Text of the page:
Characterization of underlying transcription factors that regulate betalain pigment formation in beets
MetadataShow full item record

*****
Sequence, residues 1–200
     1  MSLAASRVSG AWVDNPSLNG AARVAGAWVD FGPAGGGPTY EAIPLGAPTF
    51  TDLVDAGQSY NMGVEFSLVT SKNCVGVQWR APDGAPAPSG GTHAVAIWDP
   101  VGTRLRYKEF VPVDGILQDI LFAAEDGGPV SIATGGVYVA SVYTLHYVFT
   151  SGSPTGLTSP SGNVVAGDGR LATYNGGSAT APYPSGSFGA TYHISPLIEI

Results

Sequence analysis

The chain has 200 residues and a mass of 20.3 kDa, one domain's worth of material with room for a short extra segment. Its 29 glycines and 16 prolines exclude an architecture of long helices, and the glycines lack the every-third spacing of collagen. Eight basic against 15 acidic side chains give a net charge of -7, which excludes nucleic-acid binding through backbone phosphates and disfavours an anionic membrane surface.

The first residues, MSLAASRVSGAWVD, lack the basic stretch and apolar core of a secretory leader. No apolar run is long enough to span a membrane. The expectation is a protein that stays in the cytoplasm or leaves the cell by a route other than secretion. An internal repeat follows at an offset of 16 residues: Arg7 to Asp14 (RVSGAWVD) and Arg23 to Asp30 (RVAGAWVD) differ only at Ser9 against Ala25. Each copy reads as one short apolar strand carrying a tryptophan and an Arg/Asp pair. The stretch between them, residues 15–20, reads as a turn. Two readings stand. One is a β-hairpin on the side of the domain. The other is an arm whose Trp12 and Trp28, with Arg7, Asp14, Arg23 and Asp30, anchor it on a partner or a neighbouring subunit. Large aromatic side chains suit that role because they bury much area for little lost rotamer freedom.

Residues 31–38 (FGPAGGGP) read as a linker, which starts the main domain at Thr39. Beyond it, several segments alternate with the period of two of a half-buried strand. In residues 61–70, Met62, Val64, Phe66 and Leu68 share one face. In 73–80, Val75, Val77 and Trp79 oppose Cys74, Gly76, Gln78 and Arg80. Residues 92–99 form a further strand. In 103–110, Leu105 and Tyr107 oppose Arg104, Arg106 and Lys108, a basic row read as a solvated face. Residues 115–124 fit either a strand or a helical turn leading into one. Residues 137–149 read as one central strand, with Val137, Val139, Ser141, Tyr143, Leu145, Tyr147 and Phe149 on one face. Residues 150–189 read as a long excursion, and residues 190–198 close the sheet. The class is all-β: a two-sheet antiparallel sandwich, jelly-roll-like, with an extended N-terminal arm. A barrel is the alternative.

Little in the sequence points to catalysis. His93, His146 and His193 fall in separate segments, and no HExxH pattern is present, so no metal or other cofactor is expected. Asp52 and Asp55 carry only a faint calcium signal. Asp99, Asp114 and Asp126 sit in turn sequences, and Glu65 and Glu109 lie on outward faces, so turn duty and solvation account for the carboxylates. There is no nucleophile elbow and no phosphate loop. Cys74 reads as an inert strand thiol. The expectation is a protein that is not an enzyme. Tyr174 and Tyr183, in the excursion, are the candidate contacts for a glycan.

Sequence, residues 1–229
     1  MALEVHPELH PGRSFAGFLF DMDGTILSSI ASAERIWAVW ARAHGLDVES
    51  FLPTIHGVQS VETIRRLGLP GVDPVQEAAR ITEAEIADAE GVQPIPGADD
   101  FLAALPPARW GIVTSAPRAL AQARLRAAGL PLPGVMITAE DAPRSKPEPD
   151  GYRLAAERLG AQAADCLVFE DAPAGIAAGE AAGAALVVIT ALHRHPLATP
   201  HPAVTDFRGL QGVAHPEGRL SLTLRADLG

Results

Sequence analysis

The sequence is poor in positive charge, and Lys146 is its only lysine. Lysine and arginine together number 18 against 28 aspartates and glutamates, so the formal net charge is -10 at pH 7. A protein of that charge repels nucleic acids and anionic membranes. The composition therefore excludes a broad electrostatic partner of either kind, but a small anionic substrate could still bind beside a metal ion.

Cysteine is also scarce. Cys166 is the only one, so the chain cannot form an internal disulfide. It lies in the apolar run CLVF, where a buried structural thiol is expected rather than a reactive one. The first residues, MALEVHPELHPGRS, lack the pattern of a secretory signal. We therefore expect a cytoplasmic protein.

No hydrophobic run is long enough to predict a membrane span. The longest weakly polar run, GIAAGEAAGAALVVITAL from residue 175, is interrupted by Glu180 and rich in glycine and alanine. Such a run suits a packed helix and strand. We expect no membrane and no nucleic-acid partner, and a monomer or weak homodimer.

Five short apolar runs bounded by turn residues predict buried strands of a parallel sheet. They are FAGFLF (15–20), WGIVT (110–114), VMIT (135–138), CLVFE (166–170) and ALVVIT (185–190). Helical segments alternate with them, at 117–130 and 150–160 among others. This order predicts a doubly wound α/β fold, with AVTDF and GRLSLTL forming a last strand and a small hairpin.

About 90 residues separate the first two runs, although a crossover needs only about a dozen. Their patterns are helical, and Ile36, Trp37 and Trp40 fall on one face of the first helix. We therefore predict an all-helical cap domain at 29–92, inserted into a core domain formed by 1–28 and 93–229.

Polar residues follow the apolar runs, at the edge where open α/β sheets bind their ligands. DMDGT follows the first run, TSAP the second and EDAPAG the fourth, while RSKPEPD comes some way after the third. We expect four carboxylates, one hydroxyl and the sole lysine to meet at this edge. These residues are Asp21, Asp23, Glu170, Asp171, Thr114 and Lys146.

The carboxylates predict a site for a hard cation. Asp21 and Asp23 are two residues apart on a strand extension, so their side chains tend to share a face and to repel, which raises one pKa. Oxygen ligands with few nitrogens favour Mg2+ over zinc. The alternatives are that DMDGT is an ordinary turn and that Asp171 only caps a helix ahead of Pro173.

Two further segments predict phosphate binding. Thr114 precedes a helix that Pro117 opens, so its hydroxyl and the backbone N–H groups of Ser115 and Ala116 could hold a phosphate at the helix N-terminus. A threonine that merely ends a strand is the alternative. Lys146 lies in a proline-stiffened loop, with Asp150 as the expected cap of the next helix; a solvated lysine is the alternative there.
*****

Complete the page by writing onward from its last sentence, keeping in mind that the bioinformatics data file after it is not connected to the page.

The plant kingdom is a colorful place with most vascular plants producing phenylalanine-based red/violet anthocyanin pigment. Only a single order of flowering plants, the Caryophyllales, is known to produce an unusual pigment known as Betalain. Betalains encompasses an entire range of colors between yellow to red, are nitrogen-containing water-soluble compounds derived from tyrosine, and are acidic in nature due to the presence of several carboxyl groups. The betalain and the anthocyanin pigments are mutually exclusive. The pathway and enzymes for betalain biosynthesis, from tyrosine to the end products, red/violet betacyanins and yellow betaxanthins, has largely been determined. Little however is known about the regulation of the biosnynthetic genes. The strong biological correlation between the anthocyanin and the betalains prompted the suggestion that the molecular regulation of betalains and anthocyanins uses the same MYB and bHLH and WD-repeat regulators, the MBW complex. The work described here strives to understand the regulatory mechanisms controlling betalain pigmentation in the Caryophyllales and how they can be controlled and influenced. To understand the pathway, there was a pressing need for analysis at the biochemical, molecular, and genetic levels. Before the work reported here, two pigment biosynthetic genes were identified. The gene/ enzyme responsible for step two was identified as DOPA 4, 5-dioxygenase (DODA) functioning to produce betalamic acid (BA) from LDOPA (Christinet et al., 2004), and later we showed that a novel cytochrome P450, CYP76AD1, is absolutely required for the red pigment in beets by catalyzing the step producing cyclo-DOPA from the LDOPA substrate (Hatlestad et al., 2012). Through this project I have: (1) discovered and characterized Beet MYB1 (BvMYB1), a MYB evolved from the anthocyanin regulating MYBs, and analyzed how BvMYB1 regulates betalain production by its interaction with DNA and other proteins; (2) determined overlapping functional redundancies of BvMYB1 with two other R2R3 BvMYBs, BvMYB2 and BvMYB3; (3) identified a beet bHLH protein, BvbHLH1, and a beet WD-repeat protein, BvTTG1, that function similar to the Arabidopsis thaliana proteins; and finally (4) I worked towards characterizing a novel BvMYB1 Response Element (MRE) that BvMYB1 directly binds to activate betalain biosynthetic genes. By identifying members of the regulatory complex for the betalain pathway I hope to contribute toward understanding the evolutionary replacement of anthocyanins by betalains within a single flowering order, and fill a lack of knowledge about producing, controlling, and influencing this valuable natural pigment.